The word of Christ is not merely the word about Christ, but the word that belongs to Christ. It is the message of the cross, the word of truth, and the gospel of our salvation (1 Cor. 1:18; Eph. 1:13). We are called to let His word be at home in us, not as an infrequent guest, but as a constant resident. With the word of God abiding in us, we can overcome the wicked one (1 Jno. 2:14). But, Christ’s word must dwell in us richly along with “all wisdom.” Doing so equips us to “walk worthy of the Lord” (Col. 1:9-10). We must do more than know the word of Christ. We must use His word correctly and wisely. With the word of Christ and wisdom combined in our hearts, we can teach and warn one other with the music of praise Christ approves. Singing songs of praise reveals our thankful hearts while also teaching God’s word to each other. We do not need to add another kind of music (instrumental) to accomplish the teaching and admonition singing achieves. Indeed, the word of Christ does not teach us to add playing music to singing music as a form of worship. Adding instrumental music to our singing worship adds another kind of music to what the word of Christ says. Doing so does not “let the word of Christ dwell in us richly in all wisdom.” When we add to the word of Christ, we act foolishly.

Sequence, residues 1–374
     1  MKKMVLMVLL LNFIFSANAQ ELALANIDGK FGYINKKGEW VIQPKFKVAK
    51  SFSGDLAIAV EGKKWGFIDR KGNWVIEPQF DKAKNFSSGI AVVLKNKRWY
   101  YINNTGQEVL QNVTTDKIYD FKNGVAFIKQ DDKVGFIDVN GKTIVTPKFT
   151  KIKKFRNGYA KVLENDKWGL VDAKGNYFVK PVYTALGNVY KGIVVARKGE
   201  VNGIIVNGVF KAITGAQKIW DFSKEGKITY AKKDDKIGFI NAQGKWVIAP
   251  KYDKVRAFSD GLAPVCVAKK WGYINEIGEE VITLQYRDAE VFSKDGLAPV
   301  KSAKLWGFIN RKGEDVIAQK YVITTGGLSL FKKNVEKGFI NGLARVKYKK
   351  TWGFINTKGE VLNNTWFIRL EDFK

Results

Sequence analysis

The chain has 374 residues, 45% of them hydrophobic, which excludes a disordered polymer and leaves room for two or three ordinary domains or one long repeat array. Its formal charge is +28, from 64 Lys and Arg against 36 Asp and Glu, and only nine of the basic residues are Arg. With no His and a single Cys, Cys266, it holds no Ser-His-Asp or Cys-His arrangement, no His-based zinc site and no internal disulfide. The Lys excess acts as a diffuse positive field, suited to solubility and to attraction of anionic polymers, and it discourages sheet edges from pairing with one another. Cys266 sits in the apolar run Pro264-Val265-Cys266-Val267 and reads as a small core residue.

45 But because I tell the truth, you do not believe Me. 46 Which of you convicts Me of sin? And if I tell the truth, why do you not believe Me? 47 He who is of God hears God’s words; therefore you do not hear, because you are not of God. (John 8:45–47, NKJV)
Jesus made some incredible claims in this passage. Those to whom He spoke did not believe He was “from above” (Jno. 8:23). They did not think they would die in their sins for not believing in Him (Jno. 8:24). When He claimed to be eternal God (“I Am”), they tried to stone Him (Jno. 8:58-59). When we give an earnest assessment of His claims, we must choose the path of faith (Rom. 10:17). 1) Jesus said He spoke the truth (v. 45). The truth Jesus spoke frees sinners from sin when obeyed (Jno. 8:31-36). Are you following His truth? 2) Jesus said He was without sin (v. 46). Only God is sinless (Rom. 3:23; Heb. 7:26). Do you believe Jesus is sinless God? 3) Jesus said He spoke God’s words (v. 47). The truth Jesus taught was of God, yet they would not receive it (Jno. 8:40, 37). Will you receive God’s truth? 4) Jesus said those who do not hear Him are not of God (v. 47). We do not believe Jesus if we do not hear God’s word that He spoke (v. 45, 47; Acts 3:22-23). Do you believe Jesus is from above? Do you believe He is the great “I Am?” The record of His life gives ample reasons to believe (Jno. 20:30-31). Faith in Jesus means following His truth because it is the word of God. Believe in Jesus because He always tells you the truth.
20 O Timothy! Guard what was committed to your trust, avoiding the profane and idle babblings and contradictions of what is falsely called knowledge— 21 by professing it some have strayed concerning the faith. Grace be with you. Amen. (1 Timothy 6:20–21, NKJV)